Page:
The Art Museum's of Paris:
The Pompidou Center and
The Picasso Museum
Journal Entry 5: May 17th, 2002 " May 17th consisted of a range of museums both traditional and modern. In the morning, I visited the Louvre with a group and made it to the main attraction, the Mona Lisa. I was thoroughly impressed by the Monet, Degas and the array of French paintings and sculptures, but I found the atmosphere less intriguing than I had hoped. The building was rather warm, and so I spent a bit of time in the Egyptian Art Section, which was cooler than the rest of the museum. For the rest of my time on May 17th, I spent visiting the Pompidou Center, which is the main modern museum of art in Paris. The walk there was beautiful and calming and I enjoyed the entire experience independently. I walked up an Alley Street which began as St. Martin (off Rovoli), which I walked to from the Louvre. The street was filled with little shops, and I found a jazz music store and bought an Ellington CD. Once I got to the Pompidou center, they were, unfortunately, in the middle of a security check, so there was an extremely long wait to get in. Once I got into the Museum though, it was what a "day in Paris" felt like it should be.
|I did not spend as much time as I had originally thought I would in the Louvre (above left and right), but I did see everything I had hoped to, unfortunately most of my photographs did not come out. The above two of the outside interior facade of the building show what the courtyard looks like, which is clearly an impressive building artistically. The interior was overwhelming, but remarkable, despite the temperature.|
I went by myself to the Pompidou Center, which I found was the best way for me to walk around a museum, especially a modern one. I enjoy looking and admiring the art at my own pace and without the commentary of others, at least once through. The Pompidou center was everything I would look for in a museum. They were a range of art forms, including everything that would normally catch my eye to works that I had always wanted to see. There were installations, architectural structures & blueprints, as well as furniture, photographs, paintings and abstract media. The Center itself is a work of art, with its colorful structural pipes and glass facade; the art is encased in an inviting and elaborately designed piece of architecture. The 4th and 5th floors of the center house the Modern Museum of art and I was amazed at the amount of art that the two floors contained. Laid out as two long hallways on top of each other, each approximately 12-foot wide, they held galleries on either side, which were often wider than the hall itself. The first floor contained a variety of installation arts, architectural models including all the models and blueprints for the Center itself. There were about two-three rooms filled with furniture, including tables, space efficient chairs and office set-ups, as well as diner-like booths in mono-color bright orange! There were some sculptures on the first floor, but there were more on the second, in the permanent collection.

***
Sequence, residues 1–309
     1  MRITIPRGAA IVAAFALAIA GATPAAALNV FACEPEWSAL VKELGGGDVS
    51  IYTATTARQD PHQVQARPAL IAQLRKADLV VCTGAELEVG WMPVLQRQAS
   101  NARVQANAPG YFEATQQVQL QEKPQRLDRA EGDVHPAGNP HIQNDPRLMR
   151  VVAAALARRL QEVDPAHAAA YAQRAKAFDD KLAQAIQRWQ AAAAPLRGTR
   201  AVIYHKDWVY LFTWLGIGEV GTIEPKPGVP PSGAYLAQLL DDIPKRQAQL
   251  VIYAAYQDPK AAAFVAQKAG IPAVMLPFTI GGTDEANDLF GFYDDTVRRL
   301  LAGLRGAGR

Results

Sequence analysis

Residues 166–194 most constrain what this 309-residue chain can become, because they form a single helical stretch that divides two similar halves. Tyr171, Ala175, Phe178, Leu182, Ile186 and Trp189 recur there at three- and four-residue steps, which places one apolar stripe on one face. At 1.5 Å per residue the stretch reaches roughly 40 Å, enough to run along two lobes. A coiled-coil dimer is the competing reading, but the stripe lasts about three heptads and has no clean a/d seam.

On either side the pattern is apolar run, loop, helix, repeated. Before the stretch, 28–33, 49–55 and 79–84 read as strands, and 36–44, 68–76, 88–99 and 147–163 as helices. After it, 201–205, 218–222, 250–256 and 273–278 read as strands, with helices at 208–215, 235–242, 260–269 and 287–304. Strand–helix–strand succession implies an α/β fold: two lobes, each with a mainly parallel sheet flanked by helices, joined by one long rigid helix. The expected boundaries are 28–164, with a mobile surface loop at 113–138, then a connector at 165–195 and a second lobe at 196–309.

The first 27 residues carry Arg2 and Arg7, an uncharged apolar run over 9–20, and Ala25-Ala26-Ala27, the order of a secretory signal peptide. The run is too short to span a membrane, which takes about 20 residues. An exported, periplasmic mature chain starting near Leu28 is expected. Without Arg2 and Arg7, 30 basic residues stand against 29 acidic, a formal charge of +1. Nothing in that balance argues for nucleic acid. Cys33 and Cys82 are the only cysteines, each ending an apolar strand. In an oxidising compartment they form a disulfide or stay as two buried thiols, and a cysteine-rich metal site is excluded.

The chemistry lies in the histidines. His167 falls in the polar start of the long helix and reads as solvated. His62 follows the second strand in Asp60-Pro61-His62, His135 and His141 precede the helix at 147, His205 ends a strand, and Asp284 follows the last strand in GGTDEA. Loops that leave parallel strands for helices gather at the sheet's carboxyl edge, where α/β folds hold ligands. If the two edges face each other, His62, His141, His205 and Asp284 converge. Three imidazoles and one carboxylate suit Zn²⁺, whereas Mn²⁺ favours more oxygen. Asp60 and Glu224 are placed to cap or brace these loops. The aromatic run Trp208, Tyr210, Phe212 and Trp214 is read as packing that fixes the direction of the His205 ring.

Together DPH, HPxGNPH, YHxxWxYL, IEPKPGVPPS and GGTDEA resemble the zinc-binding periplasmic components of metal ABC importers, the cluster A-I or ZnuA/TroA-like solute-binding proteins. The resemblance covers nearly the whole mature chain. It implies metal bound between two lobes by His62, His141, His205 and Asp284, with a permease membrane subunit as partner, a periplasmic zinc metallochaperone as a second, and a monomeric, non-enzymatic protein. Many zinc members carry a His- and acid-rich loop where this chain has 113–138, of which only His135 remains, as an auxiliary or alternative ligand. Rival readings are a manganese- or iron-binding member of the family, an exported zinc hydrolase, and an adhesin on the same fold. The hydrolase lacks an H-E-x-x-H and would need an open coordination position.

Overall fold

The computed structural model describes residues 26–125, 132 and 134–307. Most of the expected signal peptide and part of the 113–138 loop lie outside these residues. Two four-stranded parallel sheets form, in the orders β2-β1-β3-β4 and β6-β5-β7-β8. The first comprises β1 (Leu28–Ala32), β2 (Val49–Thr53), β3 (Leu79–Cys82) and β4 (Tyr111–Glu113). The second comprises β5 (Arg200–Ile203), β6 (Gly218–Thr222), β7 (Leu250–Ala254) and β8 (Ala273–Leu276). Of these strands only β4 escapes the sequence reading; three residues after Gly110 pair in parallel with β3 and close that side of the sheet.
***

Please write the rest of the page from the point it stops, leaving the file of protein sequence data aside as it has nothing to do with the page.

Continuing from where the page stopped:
The second floor was a wonder of well-know artists: paintings and sculptures. I was amazed at the amount and the particular pieces that the museum had obtained. Some of the most famous and recognizable works by Pollock, Matisse, Modigliani, Brancusi, Rulpka and Soutine were displayed throughout the galleries. All of these painters are artists I admire immensely.